After years of being dragged down by the reputational issues of an industry perceived to be more focused on profits than products and people, one of the unintentional benefits of Covid-19 is that pharmaceutical brands have been able to step out of the shadows and into the light.
The significant role they played in pushing the boundaries of science to develop and rollout coronavirus vaccines has vividly demonstrated the industry’s ability to put people before profit – increasing awareness, loyalty and trust in the process. By showing society and healthcare professionals alike that the pharmaceutical industry can be both responsible and responsive, a window of opportunity opened for pharmaceutical brands to step away from their profiteering image and build more positive corporate brands through stakeholder capitalism.
Stacy Vaughn, Head of US Healthcare Market Research at Hall & Partners, explains
During the pandemic, the pharmaceutical industry has demonstrated to people and healthcare professionals worldwide that they do care about people over profits, despite decades of negative press and mistrust.
Further evidence is found in a recent ranking of the world’s 100 most conscious brands – created by Omnicom Group duo Hall & Partners and Wolff Olins. In the ranking, Pfizer and AstraZeneca were named among the top 10 brands in the world in this ranking with Moderna ranked no.15 and Johnson & Johnson no.24.
The global survey questioned more than 9,000 consumers asking them to rate 230 brands in the US, UK and China. It defined ‘conscious brands’ as those that are responsive to people’s needs, moods and culture and that also take responsibility by helping people, communities and the planet.
A surprise consequence of the pandemic has been the boost it has given to the pharmaceutical industry’s reputation.
AstraZeneca, for example, was not only committed to defeating Covid-19 by harnessing and sharing their scientific knowledge and expertise, it also confirmed its vaccine would be made available to lower- and middle-income countries on a not-for-profit basis.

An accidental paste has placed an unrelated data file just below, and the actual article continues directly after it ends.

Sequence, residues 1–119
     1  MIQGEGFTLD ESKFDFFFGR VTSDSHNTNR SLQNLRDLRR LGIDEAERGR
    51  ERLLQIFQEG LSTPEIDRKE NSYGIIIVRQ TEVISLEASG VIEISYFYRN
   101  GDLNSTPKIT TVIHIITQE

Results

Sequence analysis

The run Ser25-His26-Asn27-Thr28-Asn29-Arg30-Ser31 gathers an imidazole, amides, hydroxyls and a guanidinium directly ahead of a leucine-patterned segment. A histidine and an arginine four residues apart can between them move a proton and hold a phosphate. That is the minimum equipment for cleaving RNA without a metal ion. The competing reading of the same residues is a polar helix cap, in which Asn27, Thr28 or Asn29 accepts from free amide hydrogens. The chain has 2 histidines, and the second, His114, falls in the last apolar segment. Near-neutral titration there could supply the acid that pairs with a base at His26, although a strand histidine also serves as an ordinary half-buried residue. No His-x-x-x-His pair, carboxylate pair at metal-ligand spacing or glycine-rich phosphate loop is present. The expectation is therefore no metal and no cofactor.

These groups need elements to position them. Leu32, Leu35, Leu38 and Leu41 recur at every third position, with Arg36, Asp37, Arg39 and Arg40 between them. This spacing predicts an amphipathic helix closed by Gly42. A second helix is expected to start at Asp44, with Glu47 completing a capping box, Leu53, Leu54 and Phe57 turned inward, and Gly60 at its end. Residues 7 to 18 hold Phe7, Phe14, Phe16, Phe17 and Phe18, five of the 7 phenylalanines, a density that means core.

Pfizer has likewise helped to change the world this year by fulfilling its manifesto of delivering ‘Breakthroughs that change patients’ lives.’
These are achievements that makes generic marketing proclamations from non-medical organizations of ‘we exist to make the world a better place’ ring hollow by comparison.
The rise of these brands – from a public trust and perception perspective – is all the more incredible when you consider how poorly pharmaceutical brands were perceived back in 2019.
The pandemic reminded the world how important pharma is to the healthcare system, and to the world.
It also created an opportunity for pharma companies to highlight a more positive corporate brand to healthcare stakeholders and consumers alike. Traditionally, pharmaceutical marketing has been product-led rather than corporate reputation focused and not particularly seen as being collaborative, so this represents a significant shift in focus for the industry.
But what’s next? Pharma brands can’t fly on the coat-tails of what they did during the pandemic forever. Reputations are built over time. They need to continue to prove that they will contribute to the overall healthcare system. Demonstrating a purpose beyond profit has never been more essential for pharma brands.
Being seen to have purpose matters